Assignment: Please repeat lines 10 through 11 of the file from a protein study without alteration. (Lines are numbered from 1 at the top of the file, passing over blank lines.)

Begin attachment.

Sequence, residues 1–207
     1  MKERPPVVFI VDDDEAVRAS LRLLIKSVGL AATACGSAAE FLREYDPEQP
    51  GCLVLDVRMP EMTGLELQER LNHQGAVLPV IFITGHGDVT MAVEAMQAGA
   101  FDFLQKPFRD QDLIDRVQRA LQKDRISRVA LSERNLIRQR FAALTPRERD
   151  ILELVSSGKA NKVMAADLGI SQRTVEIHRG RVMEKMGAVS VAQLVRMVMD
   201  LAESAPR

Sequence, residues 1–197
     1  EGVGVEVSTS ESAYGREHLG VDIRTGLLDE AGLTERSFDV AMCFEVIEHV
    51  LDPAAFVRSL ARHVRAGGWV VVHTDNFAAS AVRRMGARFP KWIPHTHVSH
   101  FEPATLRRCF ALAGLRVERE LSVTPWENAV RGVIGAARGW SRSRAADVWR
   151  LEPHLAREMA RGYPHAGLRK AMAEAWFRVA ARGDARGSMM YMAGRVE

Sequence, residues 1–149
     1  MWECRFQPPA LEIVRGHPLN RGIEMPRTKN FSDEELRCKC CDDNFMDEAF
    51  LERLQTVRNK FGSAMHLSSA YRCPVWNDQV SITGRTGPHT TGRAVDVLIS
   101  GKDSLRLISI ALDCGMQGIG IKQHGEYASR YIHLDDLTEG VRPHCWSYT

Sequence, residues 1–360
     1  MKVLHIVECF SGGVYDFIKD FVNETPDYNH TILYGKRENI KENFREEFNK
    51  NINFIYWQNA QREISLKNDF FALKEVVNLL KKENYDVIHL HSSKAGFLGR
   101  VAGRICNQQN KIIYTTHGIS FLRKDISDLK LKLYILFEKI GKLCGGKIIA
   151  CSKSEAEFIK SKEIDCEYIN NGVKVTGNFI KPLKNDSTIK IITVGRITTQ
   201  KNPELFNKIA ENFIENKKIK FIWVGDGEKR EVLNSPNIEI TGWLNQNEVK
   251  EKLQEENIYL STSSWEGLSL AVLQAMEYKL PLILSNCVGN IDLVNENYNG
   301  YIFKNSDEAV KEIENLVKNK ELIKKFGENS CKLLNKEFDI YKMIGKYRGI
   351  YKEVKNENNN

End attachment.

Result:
   101  FEPATLRRCF ALAGLRVERE LSVTPWENAV RGVIGAARGW SRSRAADVWR
   151  LEPHLAREMA RGYPHAGLRK AMAEAWFRVA ARGDARGSMM YMAGRVE